Macmillan launch talking about cancer campaign

Macmillan Cancer Charity have launched a powerful campaign to make people aware of how they can talk about cancer and the people who are going through it.

According to a new survey, for some people with the illness, many terms used to describe people with cancer are inappropriate rather than uplifting.

A UK poll by the charity of 2,000 people who have or had cancer found that “cancer-stricken” and “victim” were among the least-liked terms.

Karen Roberts, Chief Nursing Officer at Macmillan Cancer Support, said:

“These results show just how divisive and ‘Marmite’ simple words and descriptions can be.

“Cancer throws all kinds of things your way, and struggling to find the words, and the emotional turmoil caused when our friends and family don’t get it ‘right’ only makes lives feel even more upended.

“By drawing attention to this we want to encourage more people to talk about the words they prefer to hear, and stop the damage that can be caused to people’s wellbeing and relationships.”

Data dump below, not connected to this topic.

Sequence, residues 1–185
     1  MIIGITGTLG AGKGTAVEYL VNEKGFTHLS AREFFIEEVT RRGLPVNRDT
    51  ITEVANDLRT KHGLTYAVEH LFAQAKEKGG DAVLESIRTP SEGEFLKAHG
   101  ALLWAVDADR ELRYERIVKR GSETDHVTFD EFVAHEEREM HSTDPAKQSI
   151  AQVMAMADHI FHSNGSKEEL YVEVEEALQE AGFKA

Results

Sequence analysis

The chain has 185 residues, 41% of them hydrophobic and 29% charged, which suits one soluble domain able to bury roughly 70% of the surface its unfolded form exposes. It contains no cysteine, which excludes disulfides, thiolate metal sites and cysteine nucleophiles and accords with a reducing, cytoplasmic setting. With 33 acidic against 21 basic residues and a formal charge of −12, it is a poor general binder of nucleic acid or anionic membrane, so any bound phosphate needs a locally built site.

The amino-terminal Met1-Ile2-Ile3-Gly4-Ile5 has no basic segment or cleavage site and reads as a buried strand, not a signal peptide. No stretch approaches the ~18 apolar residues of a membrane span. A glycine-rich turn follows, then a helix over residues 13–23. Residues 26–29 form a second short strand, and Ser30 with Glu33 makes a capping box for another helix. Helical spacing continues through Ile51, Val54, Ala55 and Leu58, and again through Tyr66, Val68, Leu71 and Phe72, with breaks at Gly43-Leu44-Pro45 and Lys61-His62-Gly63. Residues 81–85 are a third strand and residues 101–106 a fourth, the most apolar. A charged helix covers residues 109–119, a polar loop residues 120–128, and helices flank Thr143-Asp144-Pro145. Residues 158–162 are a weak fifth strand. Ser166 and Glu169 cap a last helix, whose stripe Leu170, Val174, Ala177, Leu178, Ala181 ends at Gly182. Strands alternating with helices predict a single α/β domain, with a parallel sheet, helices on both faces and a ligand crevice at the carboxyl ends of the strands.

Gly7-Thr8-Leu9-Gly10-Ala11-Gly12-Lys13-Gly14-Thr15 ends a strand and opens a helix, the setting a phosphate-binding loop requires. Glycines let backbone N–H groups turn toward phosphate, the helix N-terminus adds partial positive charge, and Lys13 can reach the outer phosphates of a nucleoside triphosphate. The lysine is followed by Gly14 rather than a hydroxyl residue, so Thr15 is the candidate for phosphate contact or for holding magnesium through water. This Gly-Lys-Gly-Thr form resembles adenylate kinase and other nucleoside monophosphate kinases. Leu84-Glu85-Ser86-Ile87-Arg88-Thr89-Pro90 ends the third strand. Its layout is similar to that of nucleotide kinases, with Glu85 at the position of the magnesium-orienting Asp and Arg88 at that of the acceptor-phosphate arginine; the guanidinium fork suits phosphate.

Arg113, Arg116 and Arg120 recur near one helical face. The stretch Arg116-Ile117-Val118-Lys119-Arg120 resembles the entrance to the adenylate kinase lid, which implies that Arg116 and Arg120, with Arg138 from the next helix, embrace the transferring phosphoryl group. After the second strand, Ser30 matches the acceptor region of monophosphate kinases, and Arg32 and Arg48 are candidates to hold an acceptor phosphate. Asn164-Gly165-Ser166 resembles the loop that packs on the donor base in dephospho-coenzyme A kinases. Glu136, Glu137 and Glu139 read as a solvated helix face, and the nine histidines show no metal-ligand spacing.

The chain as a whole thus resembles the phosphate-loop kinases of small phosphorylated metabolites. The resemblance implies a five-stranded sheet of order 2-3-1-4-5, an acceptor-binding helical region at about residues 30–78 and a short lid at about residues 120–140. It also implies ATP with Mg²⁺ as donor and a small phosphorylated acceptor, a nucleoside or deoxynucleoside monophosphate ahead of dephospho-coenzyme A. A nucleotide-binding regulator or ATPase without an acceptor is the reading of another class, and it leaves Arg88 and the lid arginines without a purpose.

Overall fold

Talking about how to talk to somebody with cancer, Mandy said it is fine to not always know what to say.

“If you tell me it’s awkward and you don’t know what to say I will find a way to make that right for you, and actually on some occasions, I might say ‘we don’t have to talk about it’.

“But just be real.”

 

They also released a video to give some guidance about what not to say.

Comments which were ill received, included:

“You’re such a fighter” 

“Stay positive” 

“You really don’t look like a cancer patient”

“You’re so inspirational”

“How’s your cancer journey going?”

 

Watch the video below:

 

 

Text References

Abernethy, L – Metro. (2019). People with cancer reveal the clichés they hate hearing about the disease. Accessible: https://metro.co.uk/2019/01/28/people-cancer-reveal-cliches-hate-hearing-disease-8402151/. Last Accessed: 29 January 2019.

BBC News. (2019). Cancer clichés to avoid: I’m not ‘brave’. Accessible: https://www.bbc.co.uk/news/health-47002578. Last Accessed: 29 January 2019.